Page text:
Georges Batailles Story Of The Eye 14
Georges Bataille's Story of the Eye: A Review
Story of the Eye is a 1928 novella by the French writer Georges Bataille, who is known for his exploration of eroticism, transgression, and excess. The story follows the sexual adventures of a young couple, who engage in various acts of perversion and violence, involving objects such as eggs, milk, blood, and eyes. The novella is narrated by the male protagonist, who looks back on his exploits with his lover Simone, and their encounters with other characters such as Marcelle, Sir Edmund, and a priest.
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The novella is divided into two parts: The Tale and The Metaphor. The Tale is a linear narrative that describes the events in chronological order. The Metaphor is a series of fragments that reflect on the symbolic meaning of the eye and its relation to desire, death, and the sacred. The novella also includes an Outline for a Sequel, which sketches out a possible continuation of the story in Africa.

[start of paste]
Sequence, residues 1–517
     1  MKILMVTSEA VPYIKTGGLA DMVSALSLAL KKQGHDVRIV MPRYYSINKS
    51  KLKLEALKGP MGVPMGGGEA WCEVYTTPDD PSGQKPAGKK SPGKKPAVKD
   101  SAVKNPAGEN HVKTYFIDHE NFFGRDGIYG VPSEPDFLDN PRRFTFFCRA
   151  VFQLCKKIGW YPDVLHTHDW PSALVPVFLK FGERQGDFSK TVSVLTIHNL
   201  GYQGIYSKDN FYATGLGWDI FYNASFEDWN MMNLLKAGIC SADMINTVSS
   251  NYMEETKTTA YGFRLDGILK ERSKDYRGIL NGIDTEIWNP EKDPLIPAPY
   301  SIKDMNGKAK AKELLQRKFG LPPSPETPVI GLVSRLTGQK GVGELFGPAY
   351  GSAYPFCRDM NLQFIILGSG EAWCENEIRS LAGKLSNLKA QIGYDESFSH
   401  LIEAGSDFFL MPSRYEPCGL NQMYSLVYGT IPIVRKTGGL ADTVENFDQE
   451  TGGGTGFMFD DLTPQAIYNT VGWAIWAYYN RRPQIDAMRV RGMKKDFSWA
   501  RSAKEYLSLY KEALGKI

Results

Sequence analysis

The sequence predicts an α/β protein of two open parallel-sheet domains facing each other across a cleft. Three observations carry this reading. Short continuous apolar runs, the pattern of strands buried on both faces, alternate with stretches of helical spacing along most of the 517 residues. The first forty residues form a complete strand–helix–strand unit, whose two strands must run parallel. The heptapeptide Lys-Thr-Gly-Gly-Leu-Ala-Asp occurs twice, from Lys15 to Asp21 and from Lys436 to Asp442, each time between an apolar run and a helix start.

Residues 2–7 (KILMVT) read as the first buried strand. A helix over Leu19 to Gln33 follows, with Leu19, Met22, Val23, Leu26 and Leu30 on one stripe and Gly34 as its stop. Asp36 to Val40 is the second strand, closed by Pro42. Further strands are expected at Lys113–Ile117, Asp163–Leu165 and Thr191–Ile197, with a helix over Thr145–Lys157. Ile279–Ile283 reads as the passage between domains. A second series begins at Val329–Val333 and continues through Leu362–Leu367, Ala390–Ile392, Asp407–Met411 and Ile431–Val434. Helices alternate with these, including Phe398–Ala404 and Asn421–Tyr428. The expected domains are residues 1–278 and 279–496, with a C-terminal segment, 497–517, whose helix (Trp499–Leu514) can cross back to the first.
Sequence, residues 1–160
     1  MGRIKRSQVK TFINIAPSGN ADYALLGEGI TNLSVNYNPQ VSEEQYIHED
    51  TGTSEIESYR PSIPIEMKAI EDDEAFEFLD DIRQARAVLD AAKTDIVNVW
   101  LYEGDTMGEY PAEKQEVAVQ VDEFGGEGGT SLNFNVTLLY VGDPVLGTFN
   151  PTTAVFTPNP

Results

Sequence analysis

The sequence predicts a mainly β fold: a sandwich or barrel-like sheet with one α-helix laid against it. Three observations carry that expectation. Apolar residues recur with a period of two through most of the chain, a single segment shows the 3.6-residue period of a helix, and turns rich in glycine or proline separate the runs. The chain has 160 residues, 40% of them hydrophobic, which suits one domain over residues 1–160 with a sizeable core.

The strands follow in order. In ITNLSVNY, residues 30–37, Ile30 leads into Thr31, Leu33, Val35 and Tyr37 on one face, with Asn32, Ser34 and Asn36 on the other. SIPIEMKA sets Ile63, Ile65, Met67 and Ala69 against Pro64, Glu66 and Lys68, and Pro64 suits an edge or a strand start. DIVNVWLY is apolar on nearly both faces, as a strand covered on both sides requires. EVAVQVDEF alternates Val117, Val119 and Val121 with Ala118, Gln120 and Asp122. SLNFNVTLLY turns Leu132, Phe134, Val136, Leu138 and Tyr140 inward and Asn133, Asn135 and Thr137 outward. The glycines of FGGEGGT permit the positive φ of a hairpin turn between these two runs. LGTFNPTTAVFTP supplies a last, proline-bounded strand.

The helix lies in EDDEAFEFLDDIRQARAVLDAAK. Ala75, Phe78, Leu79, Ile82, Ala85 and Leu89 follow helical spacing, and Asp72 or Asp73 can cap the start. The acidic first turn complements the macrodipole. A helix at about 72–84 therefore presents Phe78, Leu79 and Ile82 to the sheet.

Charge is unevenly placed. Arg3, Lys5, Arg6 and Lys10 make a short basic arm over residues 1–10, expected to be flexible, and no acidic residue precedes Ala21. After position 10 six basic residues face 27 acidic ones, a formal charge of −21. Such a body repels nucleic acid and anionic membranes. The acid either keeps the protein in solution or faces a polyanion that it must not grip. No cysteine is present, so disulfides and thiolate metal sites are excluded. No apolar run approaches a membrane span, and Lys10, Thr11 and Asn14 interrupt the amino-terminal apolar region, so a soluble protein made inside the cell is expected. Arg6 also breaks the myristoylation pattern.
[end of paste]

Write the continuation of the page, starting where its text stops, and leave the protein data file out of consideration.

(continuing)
Story of the Eye is considered to be one of the most controversial and influential works of modern erotic literature. It has been praised for its poetic language, its surreal imagery, and its philosophical depth. It has also been criticized for its graphic violence, its misogyny, and its blasphemy. The novella has inspired many artists and writers, such as Luis Buñuel, Roland Barthes, Susan Sontag, and Michel Foucault.
The novella was first published in France in 1928 under the pseudonym Lord Auch, which means "Lord to the Shithouse" in French slang. It was not until 1967 that Bataille's name appeared on the cover. The novella has been translated into many languages, including English by Joachim Neugroschel in 1977. The English translation is based on the original version of 1928, but it also includes the Outline for a Sequel from the fourth edition of 1967.
If you are interested in reading Story of the Eye, you can find more information about it on [Wikipedia], or download a PDF version from [Animal Anomie]. You can also listen to an audio version on [Archive.org].